C. Fraser Smith was born February 1, 1938, in Rochester, New York, the son of Colin McKenzie Smith, a law book salesman originally from Georgia, and Mary Paddon Smith, a native Canadian. To be closer to his father’s sales territory–the Carolinas–the family moved to Pinehurst, North Carolina in 1946. In 1956, he enrolled at the University of North Carolina, where he graduated with a B.A. in English. From 1960-1963, he served in the U.S. Air Force as a supply and logistics officer, and was based in Amarillo, Texas; Boston, Massachusetts; and Japan.
In 1963, upon his return to the U.S., Smith began his reportorial career with the Jersey Journal, a daily newspaper in Jersey City, New Jersey. In 1965, he moved to the Providence Journal in Providence, Rhode Island. In 1969, Smith won a prestigious American Political Science Association Public Affairs Fellowship, which enabled him to devote a year to graduate study at Yale University. In 1977, Smith was hired away by The Baltimore Sun. A year later, his beat became Mayor William Donald Schaefer and Baltimore’s City Hall. In 1981, Smith moved to the newspaper’s Washington bureau, where his chief focus was policy problems and their everyday effect on Marylanders. In 1983, Smith became the Sun’s chief political reporter, and since then has covered the governor, the legislature, presidential races, and everything in-between.
During his 28-year career as a reporter, Smith was the recipient of numerous journalism awards: from UPI New England in 1973, from AP New England in 1974 and 1975, from Roy W. Howard in 1975, from Maryland-Delaware-D.C. Press Association in 1981, and from Sigma Delta Chi in 1986. His Sun series on lead paint poisoning, which he wrote with his wife, Eileen Canzian, won first place and best of show honors in 1987 from the Maryland-Delaware-D.C. Press Association. Since approximately 1999, he has served as an editorial writer and columnist for the Sun.
Over the years, because of a desire to write longer, more analytical pieces, Smith has freelanced for a wide range of magazines. In 1971, he contributed to Sports Illustrated an article on a land developer’s takeover of the famous resort town of Pinehurst. He has also written for Change Magazine, the Rhode Islander, and Sunday Sun Magazine, among others. His book “Lenny, Lefty, and the Chancellor” began as an article for Regardie’s. In it, the focus was on Chancellor John Slaughter, who found himself and his college campus in deep trouble and was called upon to lean on his basic character traits to work his way out. Another Regardie’s article was about Governor Harry Hughes and Maryland’s mid-1980s savings and loan crisis. From his freelance contributions alone, Smith has earned a regional reputation as a well-rounded reporter who knows the world’s complexities, enjoys tackling important stories, and excels in telling them in clear, compelling, innovative ways.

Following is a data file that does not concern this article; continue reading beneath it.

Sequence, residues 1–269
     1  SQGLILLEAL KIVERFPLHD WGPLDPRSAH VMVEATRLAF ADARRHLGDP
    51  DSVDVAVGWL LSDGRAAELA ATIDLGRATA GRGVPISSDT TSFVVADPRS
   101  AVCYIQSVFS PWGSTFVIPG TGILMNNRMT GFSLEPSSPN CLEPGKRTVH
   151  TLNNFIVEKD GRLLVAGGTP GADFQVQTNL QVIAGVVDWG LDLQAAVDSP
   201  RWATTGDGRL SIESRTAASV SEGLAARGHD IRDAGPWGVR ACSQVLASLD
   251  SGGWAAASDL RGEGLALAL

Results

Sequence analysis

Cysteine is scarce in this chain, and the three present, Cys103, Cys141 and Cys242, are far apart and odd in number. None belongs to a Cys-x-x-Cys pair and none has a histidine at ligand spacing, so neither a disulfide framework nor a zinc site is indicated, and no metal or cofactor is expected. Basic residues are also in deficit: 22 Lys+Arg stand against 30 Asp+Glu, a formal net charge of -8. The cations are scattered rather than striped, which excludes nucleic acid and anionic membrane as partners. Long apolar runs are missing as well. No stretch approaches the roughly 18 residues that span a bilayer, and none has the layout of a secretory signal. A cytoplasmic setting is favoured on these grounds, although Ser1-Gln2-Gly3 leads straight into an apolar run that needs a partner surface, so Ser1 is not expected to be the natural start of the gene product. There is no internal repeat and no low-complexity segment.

In Maryland government circles, Smith is regarded as a thoughtful, incisive reporter. But he remains best known for an eight-part, 22-article series in 1980 on what he termed Baltimore’s shadow government–a little-known city-created, quasi-governmental development bank that helped finance Baltimore’s renaissance. Smith’s series demonstrated that, while the bank might be a good idea, its operation was highly undemocratic, and stricter controls were needed. Those accountability standards eventually were imposed, and partly because of the series, the bank became the model for other cities wanting to finance their downtown rejuvenation efforts.
In 1980, the series was a finalist in the Pulitzer Prize competition. Nine years before, Smith earned a Pulitzer nomination for a Providence Journal series. In 1971, while covering the city’s anti-poverty efforts, he wanted first-hand knowledge of the public housing program. He and his first wife spent a year in a Providence public housing project. His series confirmed the findings of others: that high rise public housing works well on a transitional basis for people who need the assistance to get on their feet. But, he concluded, it did not function well for those with more serious and longstanding problems who sought public housing as a permanent refuge.
Smith has lived in Baltimore since coming to the Sun. Since 1982, he has been married to Eileen Canzian, an editor (and former reporter) for The Baltimore Sun. They twin daughters, Anna and Emily. Smith has three children from a previous marriage: Jennifer, Alexandra, and Jake. Smith remains a devoted basketball fan.